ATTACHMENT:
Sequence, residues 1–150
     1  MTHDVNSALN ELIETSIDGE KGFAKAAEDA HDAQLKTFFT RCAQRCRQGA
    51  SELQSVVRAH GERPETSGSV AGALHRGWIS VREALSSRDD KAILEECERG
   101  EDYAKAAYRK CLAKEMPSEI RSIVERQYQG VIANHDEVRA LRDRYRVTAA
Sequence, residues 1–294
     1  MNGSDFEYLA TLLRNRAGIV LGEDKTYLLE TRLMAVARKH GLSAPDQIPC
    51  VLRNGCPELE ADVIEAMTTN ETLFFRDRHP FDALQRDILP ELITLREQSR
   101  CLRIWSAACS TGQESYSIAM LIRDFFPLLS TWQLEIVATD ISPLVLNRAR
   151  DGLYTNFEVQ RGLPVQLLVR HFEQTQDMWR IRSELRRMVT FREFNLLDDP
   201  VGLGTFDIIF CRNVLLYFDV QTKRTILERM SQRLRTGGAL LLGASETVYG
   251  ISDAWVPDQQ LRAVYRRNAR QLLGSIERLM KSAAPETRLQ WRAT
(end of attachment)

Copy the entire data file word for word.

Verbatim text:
Sequence, residues 1–150
     1  MTHDVNSALN ELIETSIDGE KGFAKAAEDA HDAQLKTFFT RCAQRCRQGA
    51  SELQSVVRAH GERPETSGSV AGALHRGWIS VREALSSRDD KAILEECERG
   101  EDYAKAAYRK CLAKEMPSEI RSIVERQYQG VIANHDEVRA LRDRYRVTAA
Sequence, residues 1–294
     1  MNGSDFEYLA TLLRNRAGIV LGEDKTYLLE TRLMAVARKH GLSAPDQIPC
    51  VLRNGCPELE ADVIEAMTTN ETLFFRDRHP FDALQRDILP ELITLREQSR
   101  CLRIWSAACS TGQESYSIAM LIRDFFPLLS TWQLEIVATD ISPLVLNRAR
   151  DGLYTNFEVQ RGLPVQLLVR HFEQTQDMWR IRSELRRMVT FREFNLLDDP
   201  VGLGTFDIIF CRNVLLYFDV QTKRTILERM SQRLRTGGAL LLGASETVYG
   251  ISDAWVPDQQ LRAVYRRNAR QLLGSIERLM KSAAPETRLQ WRAT